We proceed north and turn right onto Monument Square.

Monument Square

The building at 28 Monument Square, which is the location of the Public Market House, was the location of one of Portland’s earliest and longest lasting Chinese restaurants, the Oriental Restaurant.

Empire plaque

It opened in 1917 and was owned by the same syndicate of out of state Chinese investors who had opened the nearby Empire Restaurant less than a year earlier.

The upper floor(s) of the building housed a boarding house for Chinese men who worked at the Oriental Restaurant and other businesses. The Oriental’s color scheme included dark mahogany trim, white curtains at the windows and green silk curtains hanging at the entrances of the twenty-one separate, private dining areas, each of which had a table for six covered by snowy linens. Each of these private dining areas had a push buzzer to summon the wait staff and an electric fan similar to those at the Empire.

A feature of the new restaurant was a hand carved teak table, inlaid with mother-of-pearl and ivory, accompanied by two massive, hand carved teak and similarly inlaid chairs which were valued at more than $500. The restaurant was also graced by several tapestry designs in hand carved teak frames also inlaid with mother-of-pearl and ivory and valued at more than $500 each.

The syndicate engaged an orchestra and soloist for the restaurant’s grand opening. The restaurant’s layout had the pantry and coffee urns located at the rear of the street floor. The windows that opened onto Monument Square showcased costly Chinese jars set on magnificent teak wood stands. The kitchen, refrigeration, store room and a watchman’s room were located in the basement. Big crocks in the basement were used to sprout beans. Packages of Chinese teas were available for sale near the cashier. The Oriental Restaurant closed in 1938.

East a few buildings along Monument Square at Number 19 was the Pekin Company Restaurant which was managed by Chin Heung, who often served as the spokesman for Portland’s early Chinese community. The opening of the Oriental Restaurant resulted in the closing of the more plebeian Pekin Company Restaurant in 1917.

Center Street

Doubling back and heading west across Center Street we reach the Maine College of Art building. In 1877, 14-year-old Sam Lee, an immigrant from China, opened Maine’s first Chinese hand laundry in a now long gone building in 1877. His laundry bore the generic name “Chinese Laundry.”

Oak Street

Crossing to the north side of Congress Street we go two blocks west until we reach Oak Street. We turn right on the east side of Oak Street. At number 65, Chin Heung, who we met as the owner of the Pekin Company Restaurant at 19 Monument Square, had opened an earlier Chinese restaurant there in 1910. That foray into the restaurant business was short-lived. The restaurant’s name changed to the Shanghai Restaurant in 1911 with Henry Nom as the owner. Charlie Hing took over the restaurant in 1914, followed by Lin Soo in 1915. Mr. Soo closed the restaurant and moved to Lewiston, Maine, in 1916.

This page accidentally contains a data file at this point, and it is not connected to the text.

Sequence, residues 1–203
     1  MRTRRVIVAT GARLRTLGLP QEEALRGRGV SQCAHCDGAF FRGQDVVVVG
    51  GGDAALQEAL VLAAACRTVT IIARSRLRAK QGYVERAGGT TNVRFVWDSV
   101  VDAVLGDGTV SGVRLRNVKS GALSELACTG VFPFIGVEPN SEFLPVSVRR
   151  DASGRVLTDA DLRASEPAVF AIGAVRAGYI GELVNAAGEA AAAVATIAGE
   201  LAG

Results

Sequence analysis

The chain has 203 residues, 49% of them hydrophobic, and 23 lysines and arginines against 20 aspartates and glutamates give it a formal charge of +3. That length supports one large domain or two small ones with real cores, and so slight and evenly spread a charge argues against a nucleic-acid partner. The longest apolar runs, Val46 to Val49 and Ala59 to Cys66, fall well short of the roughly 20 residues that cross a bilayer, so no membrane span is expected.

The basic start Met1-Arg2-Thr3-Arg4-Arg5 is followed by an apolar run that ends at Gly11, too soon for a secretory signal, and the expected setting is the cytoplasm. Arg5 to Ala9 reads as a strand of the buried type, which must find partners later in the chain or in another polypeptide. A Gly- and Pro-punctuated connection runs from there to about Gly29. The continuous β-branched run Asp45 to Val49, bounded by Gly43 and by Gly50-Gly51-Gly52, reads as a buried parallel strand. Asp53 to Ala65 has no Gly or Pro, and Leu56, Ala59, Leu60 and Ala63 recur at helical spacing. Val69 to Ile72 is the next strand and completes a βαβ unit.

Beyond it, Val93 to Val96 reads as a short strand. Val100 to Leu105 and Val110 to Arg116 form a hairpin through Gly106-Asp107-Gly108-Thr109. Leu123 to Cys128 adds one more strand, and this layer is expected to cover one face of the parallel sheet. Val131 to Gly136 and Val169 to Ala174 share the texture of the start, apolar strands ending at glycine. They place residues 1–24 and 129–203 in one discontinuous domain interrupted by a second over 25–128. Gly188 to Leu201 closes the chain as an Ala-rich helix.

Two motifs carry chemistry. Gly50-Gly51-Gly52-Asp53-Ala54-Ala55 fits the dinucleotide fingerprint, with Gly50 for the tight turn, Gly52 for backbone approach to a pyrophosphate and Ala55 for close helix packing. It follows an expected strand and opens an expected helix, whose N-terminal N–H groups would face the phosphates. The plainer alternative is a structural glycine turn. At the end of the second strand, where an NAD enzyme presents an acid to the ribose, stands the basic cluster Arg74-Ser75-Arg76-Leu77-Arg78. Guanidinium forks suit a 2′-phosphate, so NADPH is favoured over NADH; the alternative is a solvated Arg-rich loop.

Congress Street

We turn back to Congress Street and continue west on the north side of the street until we reach the Empire Dine & Dance at the corner of Forest Avenue.

This night spot takes its name from Portland’s first deluxe Chinese restaurant, the Empire Restaurant, which was opened July 6, 1916 by a syndicate of out of state Chinese investors. The Empire was located on the second floor of the building at 573 ½ Congress Street.

The restaurant was originally built with two dining areas. If one turned left at the head of the stairs one entered a dining room for men and women. To the right was a dining room reserved only for men in which smoking was allowed.

The dining room for men and women had a dozen private booths that sat six each. The booths were finished in mahogany and cream and each had an electric fan and a wall button to summon the waiters. There were cream colored draperies at the windows of each booth. The tables were adorned with fresh flowers. In addition to the booths, that section of the restaurant had between fifteen and twenty tables with four chairs each.

The men’s dining room had another fifteen tables each with four chairs. The cigarette and cigar smoke was dissipated by what was described as a “clever system of ventilation.” A three-piece orchestra and a female soloist were situated in a niche between the two dining rooms. They played most days and every evening.

The restaurant sold Chinese candies and confections in addition to meals. Patrons reached the second floor restaurant via an elegant marble entrance and stairway. When it opened, the restaurant employed ten Chinese waiters and eight Chinese cooks and kitchen helpers.